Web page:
Racism is more than the reflexive tribal suspicion and derision of the Other. Racism is more than bigotry towards difference. Racism is even much more than institutional differences in power. Racism — not just racism but race or whiteness itself — is a very effective strategy to divide powerless and impoverished people against each other to prevent challenging elite rule. This is what race is about in the US: talking about race without understanding that this is a dead end. It’s all about power and democracy, and popular control against monied elites. That is what King understood in launching the Poor People’s Campaign to end poverty, and why he challenged the US War in Vietnam. Race is dividing us because of the Democrat and Republican political use of race: how television and troll politics wants us to frame race as a single issue in itself, separate from discussion about elite rule.

King’s goal and the civil rights movement’s goal was to end war, racism and poverty by empowering the disempowered and rebuilding society. He called for specific changes in US economic, social, and foreign policy based on overturning elite rule and fulfilling the promise of real democracy for all citizens. Real voting power, as a way to express popular democratic power, was key for that. Today the voting rights King fought for are still not achieved because the power of votes has been taken over by those who have the money to buy votes.

Slavery built modern society and was kept in place by deeming one less human than the other in order to endorse brutality and murder. The political system built on slavery to enrich elites was, and is, kept in place by promising advantages to the artificially categorized group of “whites” that are denied to the artificially categorized group of “blacks.” As James Baldwin put it, “As long as you think you’re white, I’m going to be forced to think I’m black.” As soon as we divide we are lost. This is not to be color blind — Baldwin marched with King and the advantages of whiteness over blackness are stark and need abolition. Whites do need to be challenged for our privilege, and specific expressions of racism also need to be challenged. But not at the expense of the larger message and goal that King lived and died for: a movement that has as its goal real democracy.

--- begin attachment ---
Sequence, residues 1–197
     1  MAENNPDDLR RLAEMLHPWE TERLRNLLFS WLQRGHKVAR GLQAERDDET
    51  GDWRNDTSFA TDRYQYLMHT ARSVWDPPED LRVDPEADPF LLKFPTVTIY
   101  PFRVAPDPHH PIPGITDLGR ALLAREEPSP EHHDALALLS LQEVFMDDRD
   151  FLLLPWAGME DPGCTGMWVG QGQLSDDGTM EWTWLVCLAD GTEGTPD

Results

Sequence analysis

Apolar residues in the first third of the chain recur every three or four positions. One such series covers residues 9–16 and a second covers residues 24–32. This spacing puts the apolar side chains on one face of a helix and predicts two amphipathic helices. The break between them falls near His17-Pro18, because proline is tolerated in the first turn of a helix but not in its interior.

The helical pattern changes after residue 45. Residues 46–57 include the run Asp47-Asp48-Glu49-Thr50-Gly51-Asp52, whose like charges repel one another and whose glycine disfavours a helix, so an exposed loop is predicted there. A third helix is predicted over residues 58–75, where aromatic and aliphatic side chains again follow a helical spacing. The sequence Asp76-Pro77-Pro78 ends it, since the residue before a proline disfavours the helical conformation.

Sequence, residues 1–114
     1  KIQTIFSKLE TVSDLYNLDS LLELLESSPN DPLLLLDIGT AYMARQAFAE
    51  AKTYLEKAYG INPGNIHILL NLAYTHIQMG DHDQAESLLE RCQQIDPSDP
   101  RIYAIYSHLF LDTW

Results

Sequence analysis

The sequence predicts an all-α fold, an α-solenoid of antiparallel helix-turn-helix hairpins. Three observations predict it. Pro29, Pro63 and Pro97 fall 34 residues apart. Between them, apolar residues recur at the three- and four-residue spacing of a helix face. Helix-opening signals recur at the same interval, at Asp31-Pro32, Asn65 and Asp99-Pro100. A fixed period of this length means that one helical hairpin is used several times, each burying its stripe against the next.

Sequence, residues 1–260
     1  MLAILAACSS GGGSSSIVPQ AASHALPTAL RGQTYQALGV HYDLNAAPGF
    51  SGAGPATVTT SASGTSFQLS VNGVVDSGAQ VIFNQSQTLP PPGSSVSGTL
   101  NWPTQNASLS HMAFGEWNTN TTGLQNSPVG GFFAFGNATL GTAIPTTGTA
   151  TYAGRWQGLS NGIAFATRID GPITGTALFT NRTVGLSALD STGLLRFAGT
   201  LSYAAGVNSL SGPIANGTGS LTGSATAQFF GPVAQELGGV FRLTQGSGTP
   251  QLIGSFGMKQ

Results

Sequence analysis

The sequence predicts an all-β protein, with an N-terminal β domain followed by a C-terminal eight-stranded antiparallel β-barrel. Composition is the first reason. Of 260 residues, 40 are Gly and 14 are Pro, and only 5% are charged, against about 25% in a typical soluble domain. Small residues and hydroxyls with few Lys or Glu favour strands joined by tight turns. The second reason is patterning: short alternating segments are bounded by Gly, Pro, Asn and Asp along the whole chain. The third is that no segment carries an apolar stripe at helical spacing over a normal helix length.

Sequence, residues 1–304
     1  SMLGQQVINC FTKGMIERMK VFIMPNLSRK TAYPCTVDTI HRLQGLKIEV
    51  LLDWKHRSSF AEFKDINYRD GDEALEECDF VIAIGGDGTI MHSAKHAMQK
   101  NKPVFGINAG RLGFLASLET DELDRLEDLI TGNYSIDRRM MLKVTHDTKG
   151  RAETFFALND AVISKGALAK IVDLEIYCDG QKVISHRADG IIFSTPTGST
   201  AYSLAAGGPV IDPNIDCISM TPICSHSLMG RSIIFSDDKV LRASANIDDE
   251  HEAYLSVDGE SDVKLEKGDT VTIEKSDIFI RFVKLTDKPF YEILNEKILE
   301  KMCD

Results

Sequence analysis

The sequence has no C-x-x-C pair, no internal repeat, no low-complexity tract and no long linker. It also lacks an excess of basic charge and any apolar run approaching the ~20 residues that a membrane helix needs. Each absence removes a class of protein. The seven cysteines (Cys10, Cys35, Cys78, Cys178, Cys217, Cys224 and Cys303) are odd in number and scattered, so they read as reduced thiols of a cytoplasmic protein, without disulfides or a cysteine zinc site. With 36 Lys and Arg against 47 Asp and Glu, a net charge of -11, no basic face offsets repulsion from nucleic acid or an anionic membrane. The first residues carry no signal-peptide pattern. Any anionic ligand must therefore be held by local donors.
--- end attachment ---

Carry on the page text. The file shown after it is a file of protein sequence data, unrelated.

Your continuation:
King’s proposals for change are as vital now, for us, as they ever were.

One example: King was a strong supporter of a universal basic income. Set at a level too low — or manipulated by political elites — a universal basic income could just be another form of cutbacks and austerity. But the potential of universal basic income raises our discussion about disability, healthcare, poverty and alternatives to the level of real, lasting, and meaningful change. What leading mad movement organization is having this discussion?

I travel around the US and speak again and again with people working at mental health programs. They understand that “mental illness” is so often a label to avoid problems of poverty and inequality. When will we start to really address this? “The solution to poverty,” wrote King,”is to abolish it directly by a now widely discussed measure: the guaranteed income.” That’s clear. That’s a goal. That will take a movement. He wrote it in 1968 (in a book called Where Do We Go From Here? Chaos or Community — and the answer of course is that we went to chaos), and now guaranteed income or universal guaranteed income is being discussed anew (partly because robots are threatening to take over the labor market — not exaggerating). Think about it, people: since one of the biggest rationales for psychiatric diagnosis itself is to play gatekeeper to receive anti-poverty benefits, doesn’t a universal anti-poverty measure offer a meaningful way out of needing psychiatric diagnosis? Hammering away at the logical fallacy and pseudoscience of the DSM for 40 years hasn’t gotten us anywhere; a real movement with real change can.